And here's the problem. Ignorance might stunt its growth, but will not altogether eliminate it altogether from the scene. It will remain there as a reminder of things that are bothersome. It will remain there to force some sort of reaction. So the choice is, rather, limited. If we give it the importance that, we feel, it deserves it will turn into a crisis of global proportions and swallow us up, but if we ignore it altogether it will not disappear but will seep under the surface and grow slowly but surely.

So the only thing we can do is just speak up, and leave it at that. Adding emotional inputs will only aggravate matters, and so it's best to avoid them altogether. It's best to go back to our instincts, and to the basic responses that rise from our guts. It may not be easy to keep emotions out of the picture, but sometimes, it's the only thing we can ever do... the only necessary thing we can ever do if we wish to preserve our sanity... the only possible thing that will produce the response we so earnestly desire.

So what has this got to do with my blog? Will I now start reacting to things that irk me left right and centre? Or will I use this point to justify a new reactionary 'me'?

I dont know... only time will tell. All I can do right now is to simply admit that I need to write and not remain silent. It may not make a difference. It may not change anyone. It may not alter anything. But at least, I would have done my part. I would have said something, that's all.

Thursday, April 19, 2007

Anna's tragedy

So the results are finally out. Larry is the dad, and the other five can now go home and contemplate whether or not the month-long media circus was well worth it. Now I'm not sure if they're satisfied with the results, but am positive that, at least, we are finally going to be spared this 'virility contest' that was getting increasingly tiresome and boring.

However, much as I express my sympathy on her passing, I find it rather puzzling as to why Anna Nicole Smith's death should garner such huge publicity. It's not as if she was hugely talented or even drop dead gorgeous. Alright. The jury might still be out on that one, and I concede that a sizeable chunk of the male population are going to miss her terribly.

But I'm still hard pressed to find out what really made Anna Nicole Smith so famous that even two months after her death, Entertainment Tonight on Showtime keeps featuring the same subject over and over again. I can understand blanket coverage for the first two days, but even now? Two months later? Puzzling, to say the least.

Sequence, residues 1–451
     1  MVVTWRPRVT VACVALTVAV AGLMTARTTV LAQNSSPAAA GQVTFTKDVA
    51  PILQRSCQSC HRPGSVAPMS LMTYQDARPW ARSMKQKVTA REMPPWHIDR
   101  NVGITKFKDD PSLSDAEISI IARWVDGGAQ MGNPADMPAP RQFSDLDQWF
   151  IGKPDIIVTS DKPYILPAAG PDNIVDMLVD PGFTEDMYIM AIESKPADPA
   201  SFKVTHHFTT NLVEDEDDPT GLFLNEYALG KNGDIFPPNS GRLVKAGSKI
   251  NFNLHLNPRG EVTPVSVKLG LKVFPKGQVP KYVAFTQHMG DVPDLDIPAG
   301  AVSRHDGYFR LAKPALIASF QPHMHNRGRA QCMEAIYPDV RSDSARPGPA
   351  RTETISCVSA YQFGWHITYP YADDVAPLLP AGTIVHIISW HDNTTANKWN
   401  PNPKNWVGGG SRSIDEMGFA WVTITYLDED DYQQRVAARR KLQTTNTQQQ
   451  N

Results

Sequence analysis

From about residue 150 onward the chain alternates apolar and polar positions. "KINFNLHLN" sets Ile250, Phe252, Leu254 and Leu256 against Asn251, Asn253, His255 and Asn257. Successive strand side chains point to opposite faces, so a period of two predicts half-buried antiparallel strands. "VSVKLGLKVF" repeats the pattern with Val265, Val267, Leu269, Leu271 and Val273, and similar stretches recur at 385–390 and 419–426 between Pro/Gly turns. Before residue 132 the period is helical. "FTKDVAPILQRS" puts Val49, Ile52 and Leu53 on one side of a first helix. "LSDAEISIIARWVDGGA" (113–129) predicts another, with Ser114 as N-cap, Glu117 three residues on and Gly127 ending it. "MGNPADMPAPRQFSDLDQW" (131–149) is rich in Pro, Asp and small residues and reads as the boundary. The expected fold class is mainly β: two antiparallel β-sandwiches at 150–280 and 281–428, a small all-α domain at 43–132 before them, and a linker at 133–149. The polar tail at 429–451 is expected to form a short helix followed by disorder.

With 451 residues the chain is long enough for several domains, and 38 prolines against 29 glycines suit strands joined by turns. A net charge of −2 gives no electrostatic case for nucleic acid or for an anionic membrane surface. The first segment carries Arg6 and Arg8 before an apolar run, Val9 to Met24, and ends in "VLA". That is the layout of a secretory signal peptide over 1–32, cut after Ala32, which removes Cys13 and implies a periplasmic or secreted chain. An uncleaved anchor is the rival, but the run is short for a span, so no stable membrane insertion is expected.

It was, probably, her drug overdose that heightened the sympathy factor. Maybe. Drugs, drinks and fast living have had a hand in the death of many showbiz geniuses in the past, and Anna Nicole Smith has just joined this illustrious list that has included Jim Morrison, Jimi Hendrix, Kurt Cobain, Elvis Presley, Marilyn Monroe, John Lennon, James Dean and others.

However, it does seem rather worrying that Anna Nicole Smith was even considered worthy to be included in this list, and that comparisons were drawn between her and Marilyn Monroe. I agree that most of these great dead celebrities were, somewhat, unhinged at a certain level, but it has to be made clear that not everyone in the celebrity circuit who is unhinged is a genius. Sometimes the person is just... unhinged.

Marilyn Monroe, for instance, was not just a sexy bombshell, she was, also, an extremely talented and skilled actress, and has a portfolio of work to demonstrate this fact. It's true that much attention has been given to her affairs and to her sexy allure, but all said and done, if she is still remembered for her allure even almost half a century after her death, then, it is safe to assume that she must have something in her that deserved such remembrances. There were others who were sexier but they aren't remembered with the same 'candle in the wind' fervour.

Hence, it does seem rather tad premature to compare Anna Nicole Smith with Marilyn Monroe because, for one, Anna does not have a substantial body of work that would stand the test of time. It would be silly to use her performance in the Naked Gun movies and the reality tv specials as worthy examples because they just aren't in the same league as the body of work of other dead celebrities. And two, her claim to fame, apart from being Playboy's Playmate of the Month, was her marriage to J. Howard Marshall II, the octogenarian oil tycoon who and the subsequent fight over inheritance claim with Marshall's son. So, in a sense, she has been famous for being famous like many others who populate People magazine and Hello.

So why this sudden urge to elevate Anna to such super-human status?

Now let me pause here, and say that I do feel sad that Anna had to die young and die in such a sad state. The paternity dispute over her baby, in particular, was a sorry spectacle, and no person - living or dead - should have to go through such an insult. Perhaps if she had lived longer one would have had the chance to see her in a more positive light, and perhaps, her potential would have been realised. But that was not to be, and therein lies the tragedy of Anna Nicole Smith.

But still, it does not explain the blanket coverage given to her death by news organisations and entertainment/celebrity journals. I may have to hazard a guess though, and assume that this blanket coverage said a lot about news organisations and news consumers in general than it did about Anna Nicole Smith. It clearly amplified
a craving for a heroic figure to mourn over than an actual feeling of loss over her passing. It, also, showed that in the 'newsmaker' circuit there was, hardly, anyone worth emulating and so, an almost-celebrity like Anna Nicole Smith was chosen for such 'greatness to be thrust upon her'.